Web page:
A little girl, braid over her shoulder and down to her belly button. The tassle like end of braid rises and falls with her breath. She closes her eyes.  A little boy in blue jeans and blue and green flannel hops on one foot and blows out air like he’s before a birthday cake. An older boy, maybe 10 who clearly wishes the kids could settle so he could find his breath tunes out the room-noise and finds it none the less. They have run for their lives. They have hidden at night. They’ve been sprayed with gunfire and bombs and chemical weapons. They have all lost everything, their homes, their homeland and their people. They have slept at refugee camps for over a year. And now, they are here.

 

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“Inhale and exhale.”

Arabic is a tough language. I’m trying to learn and so I practice “Inhale and exhale” in Arabic. Inhale: Zafar  Exhale: Shhq. I had learned a different word for “inhale”, aistanshaj. But the translators and children agreed. That wasn’t the right word.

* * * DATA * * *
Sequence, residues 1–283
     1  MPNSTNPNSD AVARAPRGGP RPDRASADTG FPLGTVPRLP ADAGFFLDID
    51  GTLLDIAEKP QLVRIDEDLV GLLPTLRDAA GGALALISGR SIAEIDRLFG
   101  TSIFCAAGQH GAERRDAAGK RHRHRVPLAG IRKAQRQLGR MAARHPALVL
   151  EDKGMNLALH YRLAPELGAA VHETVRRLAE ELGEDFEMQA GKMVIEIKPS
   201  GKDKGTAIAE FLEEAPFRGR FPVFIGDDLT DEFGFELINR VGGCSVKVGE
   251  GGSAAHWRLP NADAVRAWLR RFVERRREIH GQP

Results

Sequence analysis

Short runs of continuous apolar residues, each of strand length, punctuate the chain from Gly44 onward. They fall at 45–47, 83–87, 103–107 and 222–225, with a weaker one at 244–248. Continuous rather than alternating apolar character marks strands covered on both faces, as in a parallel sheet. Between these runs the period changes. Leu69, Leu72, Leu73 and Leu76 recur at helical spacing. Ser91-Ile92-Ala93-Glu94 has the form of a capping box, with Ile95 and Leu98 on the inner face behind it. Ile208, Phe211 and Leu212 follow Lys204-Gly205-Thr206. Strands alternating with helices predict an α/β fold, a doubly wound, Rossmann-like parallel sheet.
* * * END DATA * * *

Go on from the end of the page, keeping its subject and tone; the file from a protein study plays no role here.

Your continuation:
That “inhale” meant “to sniff or whiff or inhale, while zafar…it meant to sob or inhale. Yes. Zafar. Sob. Inhale.

 

“Good,” I said as they softened onto gentle twists an searched for their breath again and she translated with near angelic grace with perfect eyebrows and tiger stripped hijab. Each inhale you grow taller. Each exhale you twist a tiny bit more” and the little ones grew taller before my eyes and spun their brave hearts open. “Good, inhale unwind. Bring your hands back to your heart and your belly.” A calm had fallen over the room, a joy, a peace. It was clear to everyone. To the medical students from Wayne and Michigan State who volunteering their time at this wellness outreach to the recent refugee of Metro Detroit. It was clear to the event organizers from Syrian American Rescue Network (sarn-us.org) who brought together nutritionists and grief councilors, an art therapist and me. It was most importantly clear to the children and their parents.